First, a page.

Nash: Hopkins can indeed be a “difficult” poet—sometimes so obscure that, without the aid of a good editor’s notes, it can be hard to make out what he’s saying. This is because Hopkins puts words together in unconventional ways—he crashes words against each other to create new poetical effects. However, you can “get” these effects by just reading aloud his words, letting the sound of them impact on you, rather like listening to music. For example, his poem about a falcon in flight, “The Windhover,” begins: “I caught this morning morning’s minion, king-/dom of daylight’s dauphin, dapple-dawn-drawn Falcon, in his riding/Of the rolling level underneath him steady air.” Feel those internal rhymes and the alliteration and assonance. You can later think about what exactly Hopkins means by calling this beautiful bird “daylight’s dauphin,” but before that you can get a feeling of its superb movement and Hopkins’ sense of wonder and exhilaration in it.
The same is true of so much of his verse: it’s more than lyrical—it’s musical. His lines roll round one’s tongue and then round one’s mind. Try reading aloud these lines about nightfall: “Earnest, earthless, equal, attuneable, vaulty, voluminous…stupendous/Evening strains to be time’s vast, womb-of-all, home-of-all, hearse-of-all night.” All good poetry sticks in one’s head, of course, but once you’ve got the sound of Hopkins, you’ll find that you develop an “ear” for him. It’s like what happens when you first experience a Shakespeare play in the theater: at first you can’t follow in detail what is being said, but gradually you get tuned to his verse and you are drawn into the dramatic experience.
One other thing about Hopkins’ verse I should add is that he doesn’t write in regular metre, nor does he write free verse. He adopted what he called “sprung rhythm,” which had been used by medieval poets like Langland and relies on how stresses fall irregularly in a line. He wrote a lot of highly technical stuff about this and gave some of his poems detailed markings to show how it worked. But you don’t need to know all that to enjoy the poetry—just read it as it comes naturally and the sprung rhythm will work.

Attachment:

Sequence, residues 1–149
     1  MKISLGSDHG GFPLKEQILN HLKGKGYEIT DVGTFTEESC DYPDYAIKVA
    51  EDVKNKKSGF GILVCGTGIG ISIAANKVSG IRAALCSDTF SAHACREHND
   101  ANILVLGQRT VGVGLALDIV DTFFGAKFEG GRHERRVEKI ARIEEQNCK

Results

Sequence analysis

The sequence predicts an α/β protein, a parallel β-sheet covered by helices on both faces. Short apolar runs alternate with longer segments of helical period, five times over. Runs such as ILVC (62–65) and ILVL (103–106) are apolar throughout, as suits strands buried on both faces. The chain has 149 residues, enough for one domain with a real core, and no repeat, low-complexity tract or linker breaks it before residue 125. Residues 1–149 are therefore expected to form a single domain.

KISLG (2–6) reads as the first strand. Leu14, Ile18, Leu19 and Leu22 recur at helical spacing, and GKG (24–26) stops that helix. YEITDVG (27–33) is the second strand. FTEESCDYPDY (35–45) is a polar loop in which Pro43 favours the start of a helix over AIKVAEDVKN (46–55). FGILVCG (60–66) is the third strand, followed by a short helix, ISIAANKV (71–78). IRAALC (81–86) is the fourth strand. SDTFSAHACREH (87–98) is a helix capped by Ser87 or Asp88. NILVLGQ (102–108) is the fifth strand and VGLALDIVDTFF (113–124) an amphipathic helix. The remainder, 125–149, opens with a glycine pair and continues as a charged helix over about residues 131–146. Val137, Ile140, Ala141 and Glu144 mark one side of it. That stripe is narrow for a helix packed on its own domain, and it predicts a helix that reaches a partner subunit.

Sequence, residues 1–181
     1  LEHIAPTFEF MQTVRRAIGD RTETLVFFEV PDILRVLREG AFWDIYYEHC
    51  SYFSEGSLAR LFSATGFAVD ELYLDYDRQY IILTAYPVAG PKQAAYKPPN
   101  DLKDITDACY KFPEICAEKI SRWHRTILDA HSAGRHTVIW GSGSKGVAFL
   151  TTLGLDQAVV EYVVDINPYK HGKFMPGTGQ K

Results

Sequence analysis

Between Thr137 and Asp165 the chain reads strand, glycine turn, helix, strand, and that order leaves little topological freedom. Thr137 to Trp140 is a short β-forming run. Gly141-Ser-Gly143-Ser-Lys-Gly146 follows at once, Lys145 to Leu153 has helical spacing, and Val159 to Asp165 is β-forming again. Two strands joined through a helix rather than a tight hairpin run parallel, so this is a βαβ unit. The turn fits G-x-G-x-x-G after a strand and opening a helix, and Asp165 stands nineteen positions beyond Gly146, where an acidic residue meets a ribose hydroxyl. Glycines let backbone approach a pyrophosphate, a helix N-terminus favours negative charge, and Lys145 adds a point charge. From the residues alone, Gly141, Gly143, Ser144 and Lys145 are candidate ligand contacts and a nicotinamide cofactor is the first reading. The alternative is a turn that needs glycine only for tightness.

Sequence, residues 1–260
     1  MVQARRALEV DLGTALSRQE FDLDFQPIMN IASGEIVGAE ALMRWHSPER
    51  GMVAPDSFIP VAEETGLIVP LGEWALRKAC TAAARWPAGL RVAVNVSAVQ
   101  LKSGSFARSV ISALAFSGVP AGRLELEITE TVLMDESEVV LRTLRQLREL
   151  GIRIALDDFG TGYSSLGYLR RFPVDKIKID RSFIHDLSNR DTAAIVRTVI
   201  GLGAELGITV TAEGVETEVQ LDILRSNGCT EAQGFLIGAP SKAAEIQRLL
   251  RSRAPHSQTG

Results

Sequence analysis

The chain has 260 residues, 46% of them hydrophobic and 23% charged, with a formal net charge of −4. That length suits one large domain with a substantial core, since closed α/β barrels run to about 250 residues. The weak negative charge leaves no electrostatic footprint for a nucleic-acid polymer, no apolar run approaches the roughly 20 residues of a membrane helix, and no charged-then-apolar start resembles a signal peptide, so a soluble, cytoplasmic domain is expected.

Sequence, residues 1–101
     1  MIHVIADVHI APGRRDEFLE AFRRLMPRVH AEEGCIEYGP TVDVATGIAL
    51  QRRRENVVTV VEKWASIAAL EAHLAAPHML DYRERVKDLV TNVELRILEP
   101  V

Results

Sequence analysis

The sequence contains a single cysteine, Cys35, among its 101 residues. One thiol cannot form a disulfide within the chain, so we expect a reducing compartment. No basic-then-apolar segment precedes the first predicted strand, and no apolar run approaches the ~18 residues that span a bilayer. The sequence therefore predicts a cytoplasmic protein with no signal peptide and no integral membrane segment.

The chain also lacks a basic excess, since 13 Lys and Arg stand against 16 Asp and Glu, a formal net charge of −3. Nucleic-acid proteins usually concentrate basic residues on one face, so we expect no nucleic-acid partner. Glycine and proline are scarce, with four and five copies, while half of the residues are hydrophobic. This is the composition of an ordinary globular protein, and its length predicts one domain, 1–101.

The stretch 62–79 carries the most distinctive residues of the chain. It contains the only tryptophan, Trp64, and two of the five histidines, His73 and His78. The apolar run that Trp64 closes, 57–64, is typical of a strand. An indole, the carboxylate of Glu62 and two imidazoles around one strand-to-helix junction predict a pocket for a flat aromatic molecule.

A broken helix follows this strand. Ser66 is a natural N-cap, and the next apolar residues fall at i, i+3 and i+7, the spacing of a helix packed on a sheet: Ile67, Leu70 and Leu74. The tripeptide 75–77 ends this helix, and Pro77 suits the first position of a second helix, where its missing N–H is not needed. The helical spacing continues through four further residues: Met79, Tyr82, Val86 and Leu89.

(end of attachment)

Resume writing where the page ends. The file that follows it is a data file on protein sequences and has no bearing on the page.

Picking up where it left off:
CWR: Art and faith go hand in hand, and yet we live in a culture in which this is rarely the case. Hopkins reminds us that Western Civilization—if we can still speak of the dear old thing—is grounded in devotion to Mary, in delight in Mary’s beauty. Hopkins grew up amidst the aesthetic movement of the French decadents and Walter Pater. And yet his insistence on beauty is always on the beauty that animates Marian devotion. Can you tell our readers what you make of Hopkins’ preoccupation with beauty? How is this celebrated in the poems?
Nash: His preoccupation with beauty stems from his awareness that celebrating it is a both a joy and a problem. He knows that all beauty comes from God, but he also knows that human beauty can be a source of temptation. He asks in one poem: “To what serves mortal beauty—dangerous; does set danc-/Ing blood—the O-seal-that-so feature, flung prouder form?” Indulging in it, like hedonists, as the aesthetes did, leaves only bitterness and despair when it is gone. Also, how can something be so good and yet so transitory? These are paradoxes which the non-Christian thought of his day did not resolve (and our post-Christian culture has given up even trying to resolve). But Hopkins’ faith and his religious vocation found him a way.
You can see him debating the issue in his poem “The Leaden Echo and the Golden Echo,” which begins by asking “How to keep—is there any any, is there none such, nowhere known some, bow or brooch or braid or brace, lace, latch or catch or key to keep/Back beauty, keep it, beauty, beauty, beauty, … from vanishing away?” In the second part he answers: “Give beauty back, beauty, beauty, beauty, back to God beauty’s self and beauty’s giver./See; not a hair is, not an eyelash, not the least lash lost; every hair/Is, hair of the head, numbered.” By his Christian faith Hopkins knows that when we freely give back to God the beauty we have, it will be kept by God “with fonder a care.” It is striking that Hopkins, an austere 19th-century Jesuit, living a life of ascetic self-denial, could at once celebrate—revel in—earthly beauty but also understand how it can be returned to its origin, God.